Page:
x Abu Dhabi, UAESunday 23 July 2017

'Accounting skills I picked up come in handy'

Young entrepreneur owns businesses in both UAE and UK

Louise MacLeod plans to save 25 per cent of her income once her business is established.
Louise MacLeod plans to save 25 per cent of her income once her business is established.

Growing up with an accountant for a father and role model, an awareness of money management was instilled in me and my siblings from an early age. Now, at 28, I have a sixth sense for sound investment and as a consequence I have recently established my own relocation business called 2DXB with the help and guidance of an umbrella company here in the UAE.

Although I am British, I have been fortunate enough to live an international life. Born in Paris, my family moved to Tokyo when I was three. At the age of six, we moved to Norfolk in the UK, where I spent most of my childhood and early teenage years. I moved to the Middle East in 2004 when I took a job with Emirates Airline as cabin crew. My decision to move to Dubai was nothing to do with money, but more to do with expanding my horizons. Once I arrived I immediately realised the opportunity to save money, and I also saw a great potential for business. In 2007, I moved away from the airline industry and into relocation. In February this year I embarked on a new venture and decided to set up on my own. I feel that my educational background in leisure and tourism, as well as my experience as an expatriate, gives me the edge when it comes to understanding the requirements of relocation to and from a foreign country.

Having earned pocket money from a young age, I have always understood the connection between working and making money. My parents had a simple formula for determining how much pocket money I would make. At nine, I made 90 pence (Dh5) a week, which went up to £1 at the age of 10. I always took an interest in my father's work and often helped him with book-keeping tasks. This gave me an insight into having financial responsibility and taught me to appreciate the value of money.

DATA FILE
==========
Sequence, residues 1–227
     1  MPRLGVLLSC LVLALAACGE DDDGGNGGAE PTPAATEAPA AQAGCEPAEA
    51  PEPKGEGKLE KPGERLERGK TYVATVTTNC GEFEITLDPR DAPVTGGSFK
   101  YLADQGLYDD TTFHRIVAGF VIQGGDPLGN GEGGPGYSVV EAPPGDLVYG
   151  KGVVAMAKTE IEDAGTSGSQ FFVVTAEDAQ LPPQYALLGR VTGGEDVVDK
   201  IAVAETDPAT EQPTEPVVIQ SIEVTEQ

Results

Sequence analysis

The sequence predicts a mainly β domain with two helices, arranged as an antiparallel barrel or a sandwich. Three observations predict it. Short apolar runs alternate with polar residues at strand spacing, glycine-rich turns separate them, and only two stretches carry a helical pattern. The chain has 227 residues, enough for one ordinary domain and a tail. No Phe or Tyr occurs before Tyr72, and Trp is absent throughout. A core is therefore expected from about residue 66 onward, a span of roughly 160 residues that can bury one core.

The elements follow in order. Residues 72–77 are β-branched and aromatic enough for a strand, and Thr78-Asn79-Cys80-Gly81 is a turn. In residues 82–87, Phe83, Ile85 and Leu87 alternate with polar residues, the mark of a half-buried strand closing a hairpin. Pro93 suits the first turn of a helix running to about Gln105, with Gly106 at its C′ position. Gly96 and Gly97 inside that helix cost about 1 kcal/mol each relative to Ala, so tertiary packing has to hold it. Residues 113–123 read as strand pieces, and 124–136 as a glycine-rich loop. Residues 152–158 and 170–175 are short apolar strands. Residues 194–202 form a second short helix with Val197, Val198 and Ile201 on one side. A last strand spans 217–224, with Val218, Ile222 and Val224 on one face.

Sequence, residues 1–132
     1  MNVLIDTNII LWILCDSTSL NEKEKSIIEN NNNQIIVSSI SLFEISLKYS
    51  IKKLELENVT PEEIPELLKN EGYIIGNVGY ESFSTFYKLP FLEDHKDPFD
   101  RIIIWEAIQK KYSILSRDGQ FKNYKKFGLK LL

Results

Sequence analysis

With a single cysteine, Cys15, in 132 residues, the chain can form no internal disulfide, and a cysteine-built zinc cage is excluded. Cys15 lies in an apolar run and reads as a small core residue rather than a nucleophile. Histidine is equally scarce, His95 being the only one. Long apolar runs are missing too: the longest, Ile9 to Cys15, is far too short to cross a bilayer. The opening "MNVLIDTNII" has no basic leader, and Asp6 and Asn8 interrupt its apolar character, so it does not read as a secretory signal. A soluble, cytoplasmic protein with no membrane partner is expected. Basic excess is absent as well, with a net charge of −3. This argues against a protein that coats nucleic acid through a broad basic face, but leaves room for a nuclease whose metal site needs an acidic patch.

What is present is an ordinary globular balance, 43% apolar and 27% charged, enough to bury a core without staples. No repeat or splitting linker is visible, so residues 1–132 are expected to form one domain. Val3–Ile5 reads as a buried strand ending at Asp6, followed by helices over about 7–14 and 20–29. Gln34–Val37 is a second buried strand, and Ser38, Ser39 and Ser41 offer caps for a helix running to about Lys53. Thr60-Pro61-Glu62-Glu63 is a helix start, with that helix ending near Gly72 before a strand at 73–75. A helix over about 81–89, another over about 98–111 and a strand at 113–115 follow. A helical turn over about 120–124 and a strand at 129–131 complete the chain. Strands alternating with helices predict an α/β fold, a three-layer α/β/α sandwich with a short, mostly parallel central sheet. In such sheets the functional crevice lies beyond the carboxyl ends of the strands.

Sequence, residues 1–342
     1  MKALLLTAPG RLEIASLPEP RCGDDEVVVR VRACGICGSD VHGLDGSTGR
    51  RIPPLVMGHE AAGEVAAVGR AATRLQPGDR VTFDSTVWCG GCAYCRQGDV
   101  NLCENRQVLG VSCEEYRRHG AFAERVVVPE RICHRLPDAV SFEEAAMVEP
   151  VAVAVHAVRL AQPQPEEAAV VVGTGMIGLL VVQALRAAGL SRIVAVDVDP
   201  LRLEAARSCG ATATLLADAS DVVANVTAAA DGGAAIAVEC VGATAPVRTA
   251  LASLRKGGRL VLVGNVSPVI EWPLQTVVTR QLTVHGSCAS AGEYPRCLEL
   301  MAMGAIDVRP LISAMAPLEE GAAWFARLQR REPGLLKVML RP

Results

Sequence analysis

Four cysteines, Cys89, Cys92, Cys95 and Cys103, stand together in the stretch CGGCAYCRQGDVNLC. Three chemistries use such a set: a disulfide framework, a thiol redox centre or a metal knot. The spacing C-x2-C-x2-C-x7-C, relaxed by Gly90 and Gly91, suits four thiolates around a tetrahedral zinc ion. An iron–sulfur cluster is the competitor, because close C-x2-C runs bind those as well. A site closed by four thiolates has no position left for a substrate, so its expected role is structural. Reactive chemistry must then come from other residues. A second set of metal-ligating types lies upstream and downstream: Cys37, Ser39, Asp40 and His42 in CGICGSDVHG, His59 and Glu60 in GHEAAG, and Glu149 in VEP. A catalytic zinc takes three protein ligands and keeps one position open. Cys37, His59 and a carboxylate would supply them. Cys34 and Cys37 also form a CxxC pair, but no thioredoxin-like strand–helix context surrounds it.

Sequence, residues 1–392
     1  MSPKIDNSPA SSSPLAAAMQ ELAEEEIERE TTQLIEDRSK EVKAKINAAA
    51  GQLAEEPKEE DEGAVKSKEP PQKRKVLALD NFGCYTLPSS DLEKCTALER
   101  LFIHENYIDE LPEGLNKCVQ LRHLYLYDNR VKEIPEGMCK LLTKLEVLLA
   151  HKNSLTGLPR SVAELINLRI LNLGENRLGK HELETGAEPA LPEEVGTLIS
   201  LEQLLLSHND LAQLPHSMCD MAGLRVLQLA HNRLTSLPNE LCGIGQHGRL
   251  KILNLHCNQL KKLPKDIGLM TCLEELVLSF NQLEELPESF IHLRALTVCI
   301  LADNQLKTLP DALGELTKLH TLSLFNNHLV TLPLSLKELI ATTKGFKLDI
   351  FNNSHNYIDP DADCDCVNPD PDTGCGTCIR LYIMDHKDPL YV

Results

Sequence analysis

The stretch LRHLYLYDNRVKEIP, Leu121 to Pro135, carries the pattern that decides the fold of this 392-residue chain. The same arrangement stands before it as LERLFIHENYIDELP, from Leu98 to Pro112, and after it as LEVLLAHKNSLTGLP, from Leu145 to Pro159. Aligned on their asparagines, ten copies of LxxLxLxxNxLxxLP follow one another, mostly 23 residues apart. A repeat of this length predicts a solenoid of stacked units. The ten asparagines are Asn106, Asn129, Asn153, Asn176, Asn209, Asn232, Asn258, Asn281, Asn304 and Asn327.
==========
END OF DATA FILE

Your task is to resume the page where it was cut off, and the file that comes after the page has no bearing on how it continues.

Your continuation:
Looking back, the accounting skills I picked up from my father have been of great assistance to me in today's business world. I have always tried hard to save money. If you build up your savings, sometimes it is wise to transfer money from your current account to a fixed-deposit account, where it will earn more interest and be less accessible to you, therefore avoiding any temptation to withdraw cash unnecessarily. Had I not been saving and building up some capital, I would never have been in a position to set up my business at the age of 28.

I was fortunate not to have to borrow money to help set up the business and, instead, could rely solely on personal savings. With my business, my monthly salary is variable. In these early stages it is hard to determine exactly how much, having paid the bills and rent, I have towards spending and saving. At the moment any spare cash is invested in the business. Once the business is more established I anticipate saving about 25 per cent of my income.

I am in the process of selling a company in the UK which I entered into as an investment in 2003. It is a small restaurant and hotel and it has recently been valued at double the price at which we bought it. Having anticipated that the start of my business would coincide with the onset of the financial crisis, I knew there would be a period of time when money was going out and not necessarily coming in, so fortunately, I was well prepared.

As with most people, I have had to make cutbacks in my personal life, such as choosing a cheaper gym membership, to help cope with the financial instability. However, I can't help but feel that perhaps we will all benefit in the long run through being forced to be more frugal with our money. After all, it would be silly to believe that money alone can buy you happiness. To some people, happiness is having a flashy car or the latest mobile phone, but to others, simply owning a car at all is a luxury.

If I became a millionaire overnight, I would start by paying my brother back the 1 yen I owe him - with interest, of course. I would like to think I wouldn't abandon the way I have managed my money up until now and I hope I wouldn't become frivolous. There are several charities close to my heart, including the Kidney Research UK and groups that research into coeliac disease, so I would use my unexpected windfall to donate funds to a good cause. * As told to Inga Stevens